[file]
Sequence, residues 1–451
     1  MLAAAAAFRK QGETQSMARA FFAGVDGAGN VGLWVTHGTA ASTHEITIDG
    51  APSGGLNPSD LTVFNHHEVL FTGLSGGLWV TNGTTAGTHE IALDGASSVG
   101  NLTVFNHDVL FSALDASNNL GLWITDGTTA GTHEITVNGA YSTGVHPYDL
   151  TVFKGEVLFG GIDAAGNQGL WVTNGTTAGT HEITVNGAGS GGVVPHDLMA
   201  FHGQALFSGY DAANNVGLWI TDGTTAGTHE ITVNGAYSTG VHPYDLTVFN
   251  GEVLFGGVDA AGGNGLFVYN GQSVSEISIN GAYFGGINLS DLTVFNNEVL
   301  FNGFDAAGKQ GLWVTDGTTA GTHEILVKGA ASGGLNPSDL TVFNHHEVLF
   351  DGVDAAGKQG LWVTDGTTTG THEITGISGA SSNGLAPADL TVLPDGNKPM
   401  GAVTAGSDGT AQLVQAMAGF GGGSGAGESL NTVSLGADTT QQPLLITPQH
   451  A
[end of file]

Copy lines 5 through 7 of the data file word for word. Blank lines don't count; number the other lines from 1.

   151  TVFKGEVLFG GIDAAGNQGL WVTNGTTAGT HEITVNGAGS GGVVPHDLMA
   201  FHGQALFSGY DAANNVGLWI TDGTTAGTHE ITVNGAYSTG VHPYDLTVFN
   251  GEVLFGGVDA AGGNGLFVYN GQSVSEISIN GAYFGGINLS DLTVFNNEVL